Greek organizations have always been a popular topic as well as a controversial one. With sororities and fraternities still going strong in 2018, what might it have been like to try to join such organizations during wartime, specifically for women?
The Utah Chronicle published an article in January 1941 where impartial statistics were given about each house at the University of Utah. According to said article, there were nine sororities and seven fraternities present during the time. It let the women and men trying to rush a house know the year all sororities/fraternities were founded nationally, when they were founded at the U, the address of the house, and who their current executive board was.
Right before Spring Recruitment began in 1941, the Utah Chronicle published an article about university men offering their opinions on each sorority. Although some comments given in the article were nice, others were not. Richard Blackhurst, who was part of a fraternity, said, “The Tri Deltas are plenty cute but their mental capacity has not developed to the highest degree.” Another man named Dave Boyer, who was unaffiliated, said, “Chi Omegas had the most beautiful group of girls on campus.” It seemed as if these men were trying to persuade women to join certain houses based upon their outsider opinion.
Going to college and joining Greek life can be a difficult process. Luckily for the women looking to join Greek life that year, the Sorority Council decided to publish its first-ever University of Utah Rushee Handbook. According to an article titled “Sorority Council to Publish Rushee Handbook,” it gave advice to freshmen with tips to rushees, a rushee’s lexicon, and do’s & don’ts. Rules and regulations, as well as how much dues were, also were listed in the handbook that presented a brief history of each house. The editor of the new book was Martha Havenor. In an October 1941 article by the Utah Chronicle, Havenor was listed as part of the sorority known as Tri-Delta, which made her the perfect person to write the handbook on rushing a sorority.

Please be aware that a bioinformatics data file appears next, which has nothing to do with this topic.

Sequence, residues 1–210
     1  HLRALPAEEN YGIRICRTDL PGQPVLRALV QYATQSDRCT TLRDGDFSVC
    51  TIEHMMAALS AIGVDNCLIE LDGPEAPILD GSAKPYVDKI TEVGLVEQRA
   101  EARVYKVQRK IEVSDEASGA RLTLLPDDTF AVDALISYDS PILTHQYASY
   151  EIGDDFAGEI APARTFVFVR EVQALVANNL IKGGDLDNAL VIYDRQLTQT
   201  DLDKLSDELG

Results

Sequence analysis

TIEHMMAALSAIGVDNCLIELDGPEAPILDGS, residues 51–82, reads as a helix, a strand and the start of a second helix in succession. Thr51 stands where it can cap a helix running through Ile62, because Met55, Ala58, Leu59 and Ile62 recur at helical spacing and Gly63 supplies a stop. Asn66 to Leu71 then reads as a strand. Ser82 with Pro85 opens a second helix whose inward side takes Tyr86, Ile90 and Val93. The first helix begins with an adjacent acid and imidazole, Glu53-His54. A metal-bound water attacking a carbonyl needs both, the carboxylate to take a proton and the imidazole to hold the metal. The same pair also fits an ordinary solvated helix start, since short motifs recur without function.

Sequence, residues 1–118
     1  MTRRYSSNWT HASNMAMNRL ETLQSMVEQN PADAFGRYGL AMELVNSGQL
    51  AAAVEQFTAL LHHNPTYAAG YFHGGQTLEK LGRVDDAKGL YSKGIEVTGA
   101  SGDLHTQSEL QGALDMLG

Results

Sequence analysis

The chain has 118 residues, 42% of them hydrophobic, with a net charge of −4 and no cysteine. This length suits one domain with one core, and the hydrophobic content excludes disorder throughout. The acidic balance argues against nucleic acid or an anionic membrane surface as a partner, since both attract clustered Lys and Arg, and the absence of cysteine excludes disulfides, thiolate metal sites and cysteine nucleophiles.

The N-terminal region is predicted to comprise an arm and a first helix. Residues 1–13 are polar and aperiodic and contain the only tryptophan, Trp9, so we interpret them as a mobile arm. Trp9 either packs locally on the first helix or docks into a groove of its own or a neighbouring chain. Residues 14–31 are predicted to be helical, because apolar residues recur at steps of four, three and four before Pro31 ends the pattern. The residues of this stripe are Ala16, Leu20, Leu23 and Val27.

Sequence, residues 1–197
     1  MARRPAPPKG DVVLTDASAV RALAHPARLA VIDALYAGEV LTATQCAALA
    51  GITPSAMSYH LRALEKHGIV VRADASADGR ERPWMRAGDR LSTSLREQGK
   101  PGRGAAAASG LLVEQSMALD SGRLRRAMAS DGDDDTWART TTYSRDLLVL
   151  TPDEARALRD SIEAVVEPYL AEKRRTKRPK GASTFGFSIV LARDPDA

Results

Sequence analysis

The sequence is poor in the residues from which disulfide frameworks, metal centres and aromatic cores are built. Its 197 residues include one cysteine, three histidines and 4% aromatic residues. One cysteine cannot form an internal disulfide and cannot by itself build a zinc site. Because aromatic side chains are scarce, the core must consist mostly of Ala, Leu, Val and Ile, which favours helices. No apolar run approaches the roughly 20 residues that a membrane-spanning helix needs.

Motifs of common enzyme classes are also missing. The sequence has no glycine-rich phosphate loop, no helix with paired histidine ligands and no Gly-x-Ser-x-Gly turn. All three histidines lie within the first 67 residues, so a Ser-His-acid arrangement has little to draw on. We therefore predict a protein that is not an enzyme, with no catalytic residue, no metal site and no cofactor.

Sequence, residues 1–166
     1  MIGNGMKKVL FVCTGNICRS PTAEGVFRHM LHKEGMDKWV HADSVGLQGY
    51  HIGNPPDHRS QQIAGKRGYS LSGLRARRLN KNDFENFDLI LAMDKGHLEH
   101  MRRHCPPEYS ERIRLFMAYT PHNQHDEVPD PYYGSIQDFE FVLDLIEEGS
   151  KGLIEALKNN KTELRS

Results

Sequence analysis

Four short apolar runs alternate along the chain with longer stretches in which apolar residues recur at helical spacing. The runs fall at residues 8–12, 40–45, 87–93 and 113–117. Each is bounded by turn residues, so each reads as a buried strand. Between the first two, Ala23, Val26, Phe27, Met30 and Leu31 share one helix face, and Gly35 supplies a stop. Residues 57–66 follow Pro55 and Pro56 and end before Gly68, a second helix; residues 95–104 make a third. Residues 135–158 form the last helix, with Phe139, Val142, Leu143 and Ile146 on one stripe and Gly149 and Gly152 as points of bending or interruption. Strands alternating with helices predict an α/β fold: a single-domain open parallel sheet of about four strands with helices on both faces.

Another reason rushing a sorority became enticing was because the Utah Chronicle always had advertisements about pins, dances, and other things going on in Greek life. This made readers more curious as well. In 1947 Marian Dawson wrote an article titled “Why I Like Sorority Life” in which she spoke about her decision to pledge a sorority. She said the benefits one gained from belonging to a sorority depended entirely on what that individual contributed. Dawson explained that if one desired companionship of the highest type, she would find happiness in a sorority.
After all of this information on rushing, the 1940s decision to join a sorority would vary from person to person. In conclusion, deciding to rush a sorority in the 1940s seems a lot like it does now.
Mallory Arnold is a junior at the University of Utah majoring in communication with a minor in parks, recreation, and tourism.
Advertisement for Parry & Parry, Utah Chronicle, January 23, 1941, 3.
“Statistics Give Impartial View of Campus Greek Groups,” Utah Chronicle, January 23, 1941, 5.
“University Men Reveal Opinions Concerning Qualities of Female Greek Organizations,” Utah Chronicle, January 16, 1941, 5.
“Fraternity Row Makes Final Plans for Formal Greek Rush Season,” Utah Chronicle, January 23, 1941, 5.
“Introducing Martha Havenor,” Utah Chronicle, October 2, 1941, 4.
Dawson, Marian. “Why I Like Sorority Life,” The Iowa Homemaker 27, no. 3 (1947).